Sorry for this long post, but I just started running my business few months ago and this situation is just there all the time and sometimes it make me feel frustrated and wonder if I do the right thing when I say no.


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Thomas T. Frost  Identity Verified
Member (2014)
French to Danish
+ ...
Just say no, it doesn't match your rates Oct 1, 2014

Everywhere else in society, if I can't afford to or don't want to pay the price listed, there will be no sale. There are some sectors where one can negotiate a bit, of course, but it sometimes comes with the risk of the service provider doing a quick and sloppy job.

The way I see it, I first study the market and the market rates, then I set my standard rates and a margin for lower minimum rates in cases when it is justified, and then I apply them. I don't question my rates every time someone tries to pay less. So if the payment on offer is below my (unpublished) minimum rate, it is no. End of story. Nobody else in society cuts their rates down to just a shadow of what they should be, so why should translators?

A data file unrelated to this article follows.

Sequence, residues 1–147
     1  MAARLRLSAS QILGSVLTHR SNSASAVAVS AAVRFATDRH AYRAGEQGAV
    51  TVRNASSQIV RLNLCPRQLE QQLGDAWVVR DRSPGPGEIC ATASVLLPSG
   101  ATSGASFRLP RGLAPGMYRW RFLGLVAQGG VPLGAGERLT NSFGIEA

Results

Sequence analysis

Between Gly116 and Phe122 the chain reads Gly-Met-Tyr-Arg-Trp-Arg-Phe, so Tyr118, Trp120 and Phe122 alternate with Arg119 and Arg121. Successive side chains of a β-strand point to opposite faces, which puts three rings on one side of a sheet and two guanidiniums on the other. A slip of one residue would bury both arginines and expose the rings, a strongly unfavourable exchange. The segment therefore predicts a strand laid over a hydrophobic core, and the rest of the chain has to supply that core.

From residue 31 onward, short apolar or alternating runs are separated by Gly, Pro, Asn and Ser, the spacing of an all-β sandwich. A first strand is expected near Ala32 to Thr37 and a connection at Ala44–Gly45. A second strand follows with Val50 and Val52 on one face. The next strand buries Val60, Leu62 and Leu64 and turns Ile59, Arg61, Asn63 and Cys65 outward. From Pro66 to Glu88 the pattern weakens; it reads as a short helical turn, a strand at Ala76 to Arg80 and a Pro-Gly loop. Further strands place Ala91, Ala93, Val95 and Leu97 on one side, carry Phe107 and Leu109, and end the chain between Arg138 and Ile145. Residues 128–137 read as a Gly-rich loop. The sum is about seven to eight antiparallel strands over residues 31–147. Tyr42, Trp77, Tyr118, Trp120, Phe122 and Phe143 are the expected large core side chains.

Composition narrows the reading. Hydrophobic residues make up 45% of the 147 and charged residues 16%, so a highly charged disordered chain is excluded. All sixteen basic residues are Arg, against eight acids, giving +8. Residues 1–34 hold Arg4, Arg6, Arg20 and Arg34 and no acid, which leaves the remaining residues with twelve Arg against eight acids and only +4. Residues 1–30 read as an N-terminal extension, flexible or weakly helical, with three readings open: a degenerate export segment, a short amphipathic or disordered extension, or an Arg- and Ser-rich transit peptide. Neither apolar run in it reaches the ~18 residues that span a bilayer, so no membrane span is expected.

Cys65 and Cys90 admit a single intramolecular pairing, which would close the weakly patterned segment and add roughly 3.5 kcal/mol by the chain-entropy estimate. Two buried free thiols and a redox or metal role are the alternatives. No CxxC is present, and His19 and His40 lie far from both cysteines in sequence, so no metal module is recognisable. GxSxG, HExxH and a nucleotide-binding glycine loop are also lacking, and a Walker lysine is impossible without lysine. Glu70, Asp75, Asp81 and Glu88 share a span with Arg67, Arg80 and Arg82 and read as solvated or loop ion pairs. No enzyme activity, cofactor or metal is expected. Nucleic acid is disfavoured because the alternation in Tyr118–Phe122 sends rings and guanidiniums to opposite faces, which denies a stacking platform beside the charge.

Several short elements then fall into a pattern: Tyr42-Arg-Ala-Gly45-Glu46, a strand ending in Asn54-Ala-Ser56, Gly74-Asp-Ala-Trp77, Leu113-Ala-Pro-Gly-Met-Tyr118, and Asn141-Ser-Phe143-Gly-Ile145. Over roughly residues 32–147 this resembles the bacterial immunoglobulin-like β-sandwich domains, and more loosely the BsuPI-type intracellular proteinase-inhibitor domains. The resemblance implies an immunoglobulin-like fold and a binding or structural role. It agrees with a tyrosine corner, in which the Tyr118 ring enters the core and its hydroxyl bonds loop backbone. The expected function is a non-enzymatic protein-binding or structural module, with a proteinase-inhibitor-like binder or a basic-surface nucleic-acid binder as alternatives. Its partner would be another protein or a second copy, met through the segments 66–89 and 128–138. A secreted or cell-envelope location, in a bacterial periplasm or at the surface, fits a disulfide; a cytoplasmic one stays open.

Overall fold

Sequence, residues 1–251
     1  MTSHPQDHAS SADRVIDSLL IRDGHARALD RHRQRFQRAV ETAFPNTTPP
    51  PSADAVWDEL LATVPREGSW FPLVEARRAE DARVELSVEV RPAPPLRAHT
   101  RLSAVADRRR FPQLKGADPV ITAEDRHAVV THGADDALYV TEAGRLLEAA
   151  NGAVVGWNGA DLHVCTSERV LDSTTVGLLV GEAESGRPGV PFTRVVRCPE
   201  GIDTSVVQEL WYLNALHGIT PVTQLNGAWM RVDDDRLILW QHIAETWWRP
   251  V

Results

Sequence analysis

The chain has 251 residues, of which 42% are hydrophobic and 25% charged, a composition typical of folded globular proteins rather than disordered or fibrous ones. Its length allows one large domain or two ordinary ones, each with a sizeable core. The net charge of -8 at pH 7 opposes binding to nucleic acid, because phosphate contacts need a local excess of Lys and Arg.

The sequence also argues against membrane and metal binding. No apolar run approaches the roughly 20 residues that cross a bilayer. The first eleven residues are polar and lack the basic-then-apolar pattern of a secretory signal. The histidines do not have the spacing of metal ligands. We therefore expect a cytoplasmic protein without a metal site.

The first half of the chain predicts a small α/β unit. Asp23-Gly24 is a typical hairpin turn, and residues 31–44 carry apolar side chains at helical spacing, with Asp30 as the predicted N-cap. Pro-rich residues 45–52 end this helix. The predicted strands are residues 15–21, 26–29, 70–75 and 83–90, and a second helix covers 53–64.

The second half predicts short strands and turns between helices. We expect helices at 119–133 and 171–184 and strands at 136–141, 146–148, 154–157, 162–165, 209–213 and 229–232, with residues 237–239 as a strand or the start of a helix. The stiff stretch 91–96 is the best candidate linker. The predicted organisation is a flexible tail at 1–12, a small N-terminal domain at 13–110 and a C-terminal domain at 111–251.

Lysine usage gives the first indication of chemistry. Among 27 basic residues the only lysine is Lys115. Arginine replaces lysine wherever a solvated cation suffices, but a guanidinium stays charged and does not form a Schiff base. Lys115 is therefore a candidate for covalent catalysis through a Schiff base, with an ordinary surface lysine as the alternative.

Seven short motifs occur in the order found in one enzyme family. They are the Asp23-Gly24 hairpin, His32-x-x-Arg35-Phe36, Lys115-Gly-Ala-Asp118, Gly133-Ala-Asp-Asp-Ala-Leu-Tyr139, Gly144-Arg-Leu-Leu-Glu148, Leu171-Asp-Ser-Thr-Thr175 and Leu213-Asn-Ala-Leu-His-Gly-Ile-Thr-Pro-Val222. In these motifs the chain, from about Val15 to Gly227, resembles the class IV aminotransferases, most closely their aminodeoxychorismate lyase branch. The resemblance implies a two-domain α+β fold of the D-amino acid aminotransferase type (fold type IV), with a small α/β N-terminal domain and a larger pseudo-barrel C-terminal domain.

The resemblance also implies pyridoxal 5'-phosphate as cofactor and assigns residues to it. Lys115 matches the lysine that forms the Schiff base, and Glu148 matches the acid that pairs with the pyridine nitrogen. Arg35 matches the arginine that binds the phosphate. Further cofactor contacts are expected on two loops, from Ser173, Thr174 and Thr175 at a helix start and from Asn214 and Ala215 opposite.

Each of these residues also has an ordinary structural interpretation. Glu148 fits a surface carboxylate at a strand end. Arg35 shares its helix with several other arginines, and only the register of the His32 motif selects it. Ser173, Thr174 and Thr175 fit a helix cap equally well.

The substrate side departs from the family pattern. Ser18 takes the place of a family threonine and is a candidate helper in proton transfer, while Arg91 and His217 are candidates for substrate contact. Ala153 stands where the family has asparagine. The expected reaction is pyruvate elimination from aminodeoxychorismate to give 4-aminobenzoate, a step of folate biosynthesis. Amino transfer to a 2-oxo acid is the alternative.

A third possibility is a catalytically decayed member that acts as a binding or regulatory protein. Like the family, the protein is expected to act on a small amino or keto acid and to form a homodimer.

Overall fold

1) Yes, you could have done it, and the local plumber could also have renovated your bathroom for €10 but for good reasons declined. There is no injustice in this.

2) "What can you say to PMs some times when they say to you that they are not going to charge their clients for one job, or they will charge them a lower rate and therefore they cant pay your trans-creation rate?" You were not involved in that negotiation between the agent and their client, so you are not bound by it. If the agent promises something cheap to their client, it is up to them to assure they can get it for that price. It's not your problem. Your concern is your rates and how they match the agent's offer or not.